Next Monday, on August 25th 2014 (kick off 2pm) Coventry City Ladies will re-enact a women’s WW1 football match between two factory teams at the Butts in 1917. The contemporary Coventry Ladies club who have built up good links with CCFPA had a wonderful 2013-14 season (topping their League) and seem set fair to do well again this coming season but as we show below they weren’t the first manifestation of a desire by women in Coventry to play ‘the beautiful game’.
We expect a number of CCFC former players and members of the CCFPA committee to be in attendance for the event including (subject to confirmation) Sky Blue F.A.Cup stars Dave Bennett, Micky Gynn and Cyrille Regis, and sixties CCFC stalwarts Dietmar Bruck and Bill Tedds. Coventry City Council leader Anne Lucas and ‘Mr Coventry’ CCFPA’s Life president Joe Elliott are booked to lead out the teams and kick off each half and it is hoped that the Mayor, Councillor Hazel Noonan will present the cup and the medals to the winning team.
It is an important part of an ongoing project, with Heritage Lottery funding, exploring the early days of women’s football in Coventry which was an important centre for the ladies Game. An exhibition and other events are also planned. The project and the game are supported by CCFPA. During World War One, with so many men at the front, Coventry women took their places in the munitions factories of the City. The 1914-18 years gave the women’s game a fillip as many ladies took up football with enthusiasm and entered teams in inter factory competition. The Coventry Ladies Cup Final of September 1917 between Humber Ladies and Rudge-Whitworth Ladies will be replayed in the costumes and conditions of the time – and once more at the Butts. Some of Coventry Ladies are shown in their period gear below (so smart that ‘selfies’ were called for!).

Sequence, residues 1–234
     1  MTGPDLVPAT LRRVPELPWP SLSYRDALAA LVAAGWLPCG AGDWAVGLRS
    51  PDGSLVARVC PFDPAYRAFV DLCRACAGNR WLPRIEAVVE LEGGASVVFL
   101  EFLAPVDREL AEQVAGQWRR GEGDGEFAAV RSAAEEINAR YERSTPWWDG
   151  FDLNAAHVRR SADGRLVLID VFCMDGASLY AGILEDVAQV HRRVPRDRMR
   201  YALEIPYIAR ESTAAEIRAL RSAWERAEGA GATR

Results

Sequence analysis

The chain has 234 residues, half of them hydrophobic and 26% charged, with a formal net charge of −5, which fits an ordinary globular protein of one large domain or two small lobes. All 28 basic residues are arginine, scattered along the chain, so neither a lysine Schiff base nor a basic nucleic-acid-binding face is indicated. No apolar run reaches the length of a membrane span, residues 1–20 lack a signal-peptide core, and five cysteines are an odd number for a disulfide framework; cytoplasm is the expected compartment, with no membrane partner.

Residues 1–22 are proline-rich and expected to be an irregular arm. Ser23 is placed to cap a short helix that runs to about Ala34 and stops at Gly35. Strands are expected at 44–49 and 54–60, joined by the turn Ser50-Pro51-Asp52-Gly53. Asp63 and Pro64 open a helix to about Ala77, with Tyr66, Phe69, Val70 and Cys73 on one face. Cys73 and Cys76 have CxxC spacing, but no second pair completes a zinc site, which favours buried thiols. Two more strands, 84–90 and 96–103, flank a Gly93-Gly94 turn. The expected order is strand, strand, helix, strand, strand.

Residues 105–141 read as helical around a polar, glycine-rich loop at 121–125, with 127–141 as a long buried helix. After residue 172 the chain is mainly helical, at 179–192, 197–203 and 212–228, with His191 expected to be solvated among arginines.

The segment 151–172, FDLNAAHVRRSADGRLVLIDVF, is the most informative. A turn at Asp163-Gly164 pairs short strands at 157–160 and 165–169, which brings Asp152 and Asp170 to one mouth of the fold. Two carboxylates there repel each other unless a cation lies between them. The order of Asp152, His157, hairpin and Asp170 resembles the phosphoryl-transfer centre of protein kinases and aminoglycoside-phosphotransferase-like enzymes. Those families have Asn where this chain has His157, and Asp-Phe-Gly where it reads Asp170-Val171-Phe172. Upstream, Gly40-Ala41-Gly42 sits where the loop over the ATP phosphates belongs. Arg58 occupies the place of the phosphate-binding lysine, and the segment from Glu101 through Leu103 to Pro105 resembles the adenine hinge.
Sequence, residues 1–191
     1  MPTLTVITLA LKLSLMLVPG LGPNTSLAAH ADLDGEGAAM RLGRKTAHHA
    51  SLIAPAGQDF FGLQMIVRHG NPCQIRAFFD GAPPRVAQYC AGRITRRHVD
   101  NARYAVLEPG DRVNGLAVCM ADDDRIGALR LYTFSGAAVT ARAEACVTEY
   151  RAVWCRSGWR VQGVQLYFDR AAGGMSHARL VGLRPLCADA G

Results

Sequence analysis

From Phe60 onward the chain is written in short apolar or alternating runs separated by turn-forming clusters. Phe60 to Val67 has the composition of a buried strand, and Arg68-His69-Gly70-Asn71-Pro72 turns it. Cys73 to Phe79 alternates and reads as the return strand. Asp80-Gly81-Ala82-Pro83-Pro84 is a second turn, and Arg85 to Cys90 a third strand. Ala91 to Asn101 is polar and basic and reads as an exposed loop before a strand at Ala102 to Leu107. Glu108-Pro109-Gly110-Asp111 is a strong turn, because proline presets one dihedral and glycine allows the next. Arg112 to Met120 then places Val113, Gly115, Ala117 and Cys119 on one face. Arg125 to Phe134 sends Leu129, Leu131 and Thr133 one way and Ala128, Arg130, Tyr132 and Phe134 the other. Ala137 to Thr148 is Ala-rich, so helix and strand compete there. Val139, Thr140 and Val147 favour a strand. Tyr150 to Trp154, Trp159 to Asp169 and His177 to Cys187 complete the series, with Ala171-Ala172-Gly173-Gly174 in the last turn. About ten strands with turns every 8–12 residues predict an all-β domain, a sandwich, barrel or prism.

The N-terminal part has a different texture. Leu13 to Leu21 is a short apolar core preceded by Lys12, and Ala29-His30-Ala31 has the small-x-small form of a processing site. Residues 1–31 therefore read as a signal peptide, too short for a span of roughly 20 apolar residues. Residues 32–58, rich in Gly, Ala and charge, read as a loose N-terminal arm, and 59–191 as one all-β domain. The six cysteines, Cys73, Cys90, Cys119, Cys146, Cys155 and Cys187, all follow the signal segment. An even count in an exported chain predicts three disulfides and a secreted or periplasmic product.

After WW1 women’s football built up tremendous popularity throughout Britain with five figure crowds and well supported women’s internationals often in aid of charity. As far as we can establish Coventry Ladies (below) was founded in spring 1921 and we need to be reminded that later in the year well over 20000 paying customers turned out at Highfield Road to see Coventry Ladies take on the top women’s team of the period from the Dick, Kerr factory from Preston. The women’s game went into decline when the F.A. shamefully denied women’s teams access to the professional football grounds of the day in December 1921.
The Association encourages all it’s readers to support what should be a memorable day. Come dressed for 1917 or 2014 but do come and sample an important reminder of the heritage of football in Coventry. More information can be found via facebook.com/NoGameForGirls Tickets priced £5 adults (under 12s free) can be obtained online by clicking here.